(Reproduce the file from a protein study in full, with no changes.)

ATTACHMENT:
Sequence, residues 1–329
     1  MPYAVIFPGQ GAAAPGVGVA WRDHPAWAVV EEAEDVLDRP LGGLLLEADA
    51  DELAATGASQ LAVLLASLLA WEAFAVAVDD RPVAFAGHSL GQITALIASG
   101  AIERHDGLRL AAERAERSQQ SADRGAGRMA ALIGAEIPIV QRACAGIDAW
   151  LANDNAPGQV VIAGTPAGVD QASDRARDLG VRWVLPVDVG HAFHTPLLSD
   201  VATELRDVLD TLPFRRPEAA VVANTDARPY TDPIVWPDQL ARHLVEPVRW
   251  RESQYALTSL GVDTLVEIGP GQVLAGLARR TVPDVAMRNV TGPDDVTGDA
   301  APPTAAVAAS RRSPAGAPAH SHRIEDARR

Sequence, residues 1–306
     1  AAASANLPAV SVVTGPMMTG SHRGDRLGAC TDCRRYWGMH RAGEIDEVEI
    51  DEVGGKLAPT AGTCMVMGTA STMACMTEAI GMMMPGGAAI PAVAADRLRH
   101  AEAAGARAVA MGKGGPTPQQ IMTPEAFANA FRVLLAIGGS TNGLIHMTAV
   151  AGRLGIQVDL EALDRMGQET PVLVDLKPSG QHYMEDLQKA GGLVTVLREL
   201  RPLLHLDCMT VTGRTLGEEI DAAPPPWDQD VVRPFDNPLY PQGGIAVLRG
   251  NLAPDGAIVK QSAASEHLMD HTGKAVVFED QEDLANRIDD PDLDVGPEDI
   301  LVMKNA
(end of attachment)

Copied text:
Sequence, residues 1–329
     1  MPYAVIFPGQ GAAAPGVGVA WRDHPAWAVV EEAEDVLDRP LGGLLLEADA
    51  DELAATGASQ LAVLLASLLA WEAFAVAVDD RPVAFAGHSL GQITALIASG
   101  AIERHDGLRL AAERAERSQQ SADRGAGRMA ALIGAEIPIV QRACAGIDAW
   151  LANDNAPGQV VIAGTPAGVD QASDRARDLG VRWVLPVDVG HAFHTPLLSD
   201  VATELRDVLD TLPFRRPEAA VVANTDARPY TDPIVWPDQL ARHLVEPVRW
   251  RESQYALTSL GVDTLVEIGP GQVLAGLARR TVPDVAMRNV TGPDDVTGDA
   301  APPTAAVAAS RRSPAGAPAH SHRIEDARR

Sequence, residues 1–306
     1  AAASANLPAV SVVTGPMMTG SHRGDRLGAC TDCRRYWGMH RAGEIDEVEI
    51  DEVGGKLAPT AGTCMVMGTA STMACMTEAI GMMMPGGAAI PAVAADRLRH
   101  AEAAGARAVA MGKGGPTPQQ IMTPEAFANA FRVLLAIGGS TNGLIHMTAV
   151  AGRLGIQVDL EALDRMGQET PVLVDLKPSG QHYMEDLQKA GGLVTVLREL
   201  RPLLHLDCMT VTGRTLGEEI DAAPPPWDQD VVRPFDNPLY PQGGIAVLRG
   251  NLAPDGAIVK QSAASEHLMD HTGKAVVFED QEDLANRIDD PDLDVGPEDI
   301  LVMKNA